Countering these studies are others that continue to demonstrate a benefit of screening. A meta-analysis of the randomized controlled trials by an independent panel in the UK (UK) reported a 20 % mortality reduction among screened populations [10••]. An analysis of data from the two-county Swedish trial after 29 years of follow-up reported a statistically significant decline in mortality of 31 % in the screening group [11]. A recent case–control study from Australia reported a 49 % reduction in breast cancer mortality among women receiving screening [12]. In addition, researchers conducted an analysis of 7,301 women with breast cancer in Massachusetts, 609 of whom died of the disease [13•]. They found that 71 % of the deaths occurred in women who had either never been screened or who had not had screening in the past 2 years and concluded that screening is associated with a lower risk of dying from breast cancer.

All of these reports, both in favor of and opposed to screening, are met with criticisms of methodology, underlying assumptions, type of analysis and conclusions by the opposing group. Many of the studies rely on very sophisticated statistical methods that are difficult if not impossible for a non-statistician or epidemiologist to decipher. This has left clinicians and the general public confused as to where the truth lies.

When Should Screening Start?

The age at which regular screening mammography should begin has been a point of contention for many years and is still being debated. This topic was hotly contested in the 1990s, and the argument was re-ignited in 2009 when the US Preventive Services Task Force (USPSTF) revised their previous guidelines to suggest that routine screening should wait until age 50 [14]. They and others cite the lower incidence of breast cancer, the increased proportion of false positives, and the lower sensitivity of mammography among younger women as justification for their recommendation.

Evidence of benefit for women aged 40–49 from the randomized controlled trials was limited, as most were not specifically designed to address this question. A trial that did look at this was conducted in Canada and showed no significant difference in mortality between the screened and unscreened population [15]. In addition, the AGE trial conducted in the UK randomly assigned women aged 39–41 to screening or no screening and after 11 years of follow-up showed a nonsignificant 11 % reduction in mortality among the screening group [16]. The USPSTF performed a meta-analysis of eight screening trials involving women aged 39–49 and found a significant 15 % reduction in mortality [5]. They calculated that the number needed to be screened to save one life among the 40–49-year age group was 1,904 compared to 1,339 among 50–59 year olds and 337 among those aged 60–69. They also found that starting at age 40 resulted in the greatest number of years of life saved. However, citing the number of false positives generated by screening among the younger age group, the USPSF recommended that routine screening start at age 50, and for women in their 40s the decision as to whether or not to screen should be an individual one depending on risk factors and values concerning possible risks versus benefits. In contrast, the American Cancer Society (ACS), American Congress of Obstetrics and Gynecology (ACOG), American College of Radiology (ACR) and the American College of Surgeons (ACoS), in recognition of the benefits of screening in the younger age group, recommend that routine screening begin at age 40. Guidelines in many European countries call for screening of average risk women to begin at age 50. A summary of screening mammography recommendations from a number of organizations in the US and from national screening programs around the world is presented in Table 1.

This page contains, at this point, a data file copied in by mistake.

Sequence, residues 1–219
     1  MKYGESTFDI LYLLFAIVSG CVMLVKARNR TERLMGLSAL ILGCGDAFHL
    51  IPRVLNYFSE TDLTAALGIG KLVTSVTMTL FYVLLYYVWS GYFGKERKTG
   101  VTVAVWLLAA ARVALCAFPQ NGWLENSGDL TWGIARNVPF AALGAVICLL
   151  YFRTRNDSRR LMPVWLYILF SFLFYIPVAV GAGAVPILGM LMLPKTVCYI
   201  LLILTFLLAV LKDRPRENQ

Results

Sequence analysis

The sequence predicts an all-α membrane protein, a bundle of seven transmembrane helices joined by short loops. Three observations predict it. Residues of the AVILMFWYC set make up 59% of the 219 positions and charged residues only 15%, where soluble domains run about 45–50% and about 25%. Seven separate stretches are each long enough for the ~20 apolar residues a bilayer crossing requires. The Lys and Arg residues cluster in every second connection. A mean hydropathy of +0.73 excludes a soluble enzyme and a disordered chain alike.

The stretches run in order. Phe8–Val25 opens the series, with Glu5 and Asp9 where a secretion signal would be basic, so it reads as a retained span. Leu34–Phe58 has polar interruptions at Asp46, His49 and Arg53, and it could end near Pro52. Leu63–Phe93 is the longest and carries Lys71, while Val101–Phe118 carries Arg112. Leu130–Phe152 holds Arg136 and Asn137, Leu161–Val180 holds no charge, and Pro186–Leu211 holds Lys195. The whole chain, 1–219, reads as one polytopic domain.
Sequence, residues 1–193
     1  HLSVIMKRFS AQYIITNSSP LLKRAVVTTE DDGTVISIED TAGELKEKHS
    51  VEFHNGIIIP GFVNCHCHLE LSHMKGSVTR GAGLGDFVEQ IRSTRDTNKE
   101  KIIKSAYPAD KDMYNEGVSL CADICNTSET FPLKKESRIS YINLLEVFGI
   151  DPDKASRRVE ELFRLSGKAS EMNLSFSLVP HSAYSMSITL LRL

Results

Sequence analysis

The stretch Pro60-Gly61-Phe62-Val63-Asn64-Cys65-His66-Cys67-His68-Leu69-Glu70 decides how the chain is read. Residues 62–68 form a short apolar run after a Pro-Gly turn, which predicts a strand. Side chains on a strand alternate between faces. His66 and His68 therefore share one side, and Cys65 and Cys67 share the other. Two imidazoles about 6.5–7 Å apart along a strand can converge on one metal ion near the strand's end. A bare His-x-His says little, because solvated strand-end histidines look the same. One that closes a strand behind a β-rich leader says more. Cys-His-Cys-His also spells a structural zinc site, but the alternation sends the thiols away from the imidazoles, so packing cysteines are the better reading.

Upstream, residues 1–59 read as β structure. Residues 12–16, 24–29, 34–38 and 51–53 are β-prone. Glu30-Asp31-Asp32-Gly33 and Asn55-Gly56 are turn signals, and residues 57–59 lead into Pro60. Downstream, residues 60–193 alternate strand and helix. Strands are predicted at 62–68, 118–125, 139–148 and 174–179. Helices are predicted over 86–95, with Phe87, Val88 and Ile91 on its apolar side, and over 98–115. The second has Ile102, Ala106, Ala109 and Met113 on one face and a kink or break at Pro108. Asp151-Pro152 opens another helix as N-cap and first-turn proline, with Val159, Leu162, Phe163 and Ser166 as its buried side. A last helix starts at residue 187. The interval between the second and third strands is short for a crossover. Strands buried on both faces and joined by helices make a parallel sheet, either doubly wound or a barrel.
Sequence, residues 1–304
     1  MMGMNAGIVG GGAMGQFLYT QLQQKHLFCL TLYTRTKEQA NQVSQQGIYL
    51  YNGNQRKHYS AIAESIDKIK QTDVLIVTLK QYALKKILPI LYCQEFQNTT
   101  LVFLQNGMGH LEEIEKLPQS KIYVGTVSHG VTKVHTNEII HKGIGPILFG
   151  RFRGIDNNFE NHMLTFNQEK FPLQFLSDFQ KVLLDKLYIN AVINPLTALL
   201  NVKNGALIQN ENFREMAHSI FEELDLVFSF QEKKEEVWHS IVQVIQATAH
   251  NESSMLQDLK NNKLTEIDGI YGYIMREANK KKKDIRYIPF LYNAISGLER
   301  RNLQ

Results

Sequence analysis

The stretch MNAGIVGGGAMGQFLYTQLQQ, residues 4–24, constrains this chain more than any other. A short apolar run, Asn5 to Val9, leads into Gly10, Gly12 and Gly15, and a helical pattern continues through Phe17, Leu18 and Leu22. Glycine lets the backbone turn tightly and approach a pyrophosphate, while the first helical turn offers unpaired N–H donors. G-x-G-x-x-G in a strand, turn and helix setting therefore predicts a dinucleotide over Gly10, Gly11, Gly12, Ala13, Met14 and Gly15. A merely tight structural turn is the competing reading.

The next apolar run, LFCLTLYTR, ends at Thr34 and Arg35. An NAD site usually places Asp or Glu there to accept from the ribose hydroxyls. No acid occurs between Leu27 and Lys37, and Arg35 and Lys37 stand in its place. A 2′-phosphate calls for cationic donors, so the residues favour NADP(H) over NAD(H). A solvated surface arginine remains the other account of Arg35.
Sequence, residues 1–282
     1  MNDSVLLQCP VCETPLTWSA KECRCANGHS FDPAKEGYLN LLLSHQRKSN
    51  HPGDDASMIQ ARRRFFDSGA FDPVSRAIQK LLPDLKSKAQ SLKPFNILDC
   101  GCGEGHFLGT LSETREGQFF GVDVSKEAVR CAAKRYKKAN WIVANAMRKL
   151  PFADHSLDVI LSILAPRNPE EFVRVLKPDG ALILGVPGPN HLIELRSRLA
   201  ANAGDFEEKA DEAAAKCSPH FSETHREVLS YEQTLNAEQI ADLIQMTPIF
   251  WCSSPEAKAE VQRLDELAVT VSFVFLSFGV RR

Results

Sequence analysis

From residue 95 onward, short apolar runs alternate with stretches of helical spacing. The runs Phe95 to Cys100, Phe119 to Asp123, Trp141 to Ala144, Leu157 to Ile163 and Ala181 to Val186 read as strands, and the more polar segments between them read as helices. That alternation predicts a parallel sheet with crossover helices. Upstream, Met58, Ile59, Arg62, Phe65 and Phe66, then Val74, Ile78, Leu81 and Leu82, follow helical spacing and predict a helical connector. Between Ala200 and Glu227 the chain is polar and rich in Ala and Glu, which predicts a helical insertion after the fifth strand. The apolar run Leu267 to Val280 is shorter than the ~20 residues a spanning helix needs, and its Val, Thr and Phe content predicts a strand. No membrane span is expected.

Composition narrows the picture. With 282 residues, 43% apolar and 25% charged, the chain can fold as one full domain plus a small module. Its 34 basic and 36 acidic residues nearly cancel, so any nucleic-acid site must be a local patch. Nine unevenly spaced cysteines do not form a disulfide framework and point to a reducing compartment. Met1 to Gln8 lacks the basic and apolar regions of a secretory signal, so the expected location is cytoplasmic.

Table 1

Screening mammography recommendations for average risk women


Age to start routine screening

Age to stop screening


United States/ACS, ACR, ACOG, ACoS


As long as a woman is in good health





Every 2 years




Every 2–3 years

United Kingdom



Every 3 years

European Uniona



Every 2 or 3 years




Every 1.5 years 40–49

Every 2 years > 50




Every 2 years

ACS American Cancer Society, ACR American College of Radiology, ACOG American Congress of Obstetrics and Gynecology, ACoS American College of Surgeons, USPSTF US Preventive Services Task Force

aVaries by country, most common strategy listed here

How Often Should Screening Be Performed?